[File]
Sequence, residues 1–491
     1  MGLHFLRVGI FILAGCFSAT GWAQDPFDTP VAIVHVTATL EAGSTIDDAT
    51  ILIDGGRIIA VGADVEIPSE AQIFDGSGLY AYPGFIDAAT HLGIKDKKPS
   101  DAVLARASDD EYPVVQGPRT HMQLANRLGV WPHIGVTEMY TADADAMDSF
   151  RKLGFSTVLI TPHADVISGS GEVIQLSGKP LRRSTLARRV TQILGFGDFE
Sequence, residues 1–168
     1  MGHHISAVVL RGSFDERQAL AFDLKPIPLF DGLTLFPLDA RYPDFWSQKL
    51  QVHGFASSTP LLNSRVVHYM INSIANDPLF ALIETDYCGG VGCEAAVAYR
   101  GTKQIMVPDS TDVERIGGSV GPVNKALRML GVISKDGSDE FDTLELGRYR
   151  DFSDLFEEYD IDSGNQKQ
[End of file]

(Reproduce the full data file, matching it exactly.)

Sequence, residues 1–491
     1  MGLHFLRVGI FILAGCFSAT GWAQDPFDTP VAIVHVTATL EAGSTIDDAT
    51  ILIDGGRIIA VGADVEIPSE AQIFDGSGLY AYPGFIDAAT HLGIKDKKPS
   101  DAVLARASDD EYPVVQGPRT HMQLANRLGV WPHIGVTEMY TADADAMDSF
   151  RKLGFSTVLI TPHADVISGS GEVIQLSGKP LRRSTLARRV TQILGFGDFE
Sequence, residues 1–168
     1  MGHHISAVVL RGSFDERQAL AFDLKPIPLF DGLTLFPLDA RYPDFWSQKL
    51  QVHGFASSTP LLNSRVVHYM INSIANDPLF ALIETDYCGG VGCEAAVAYR
   101  GTKQIMVPDS TDVERIGGSV GPVNKALRML GVISKDGSDE FDTLELGRYR
   151  DFSDLFEEYD IDSGNQKQ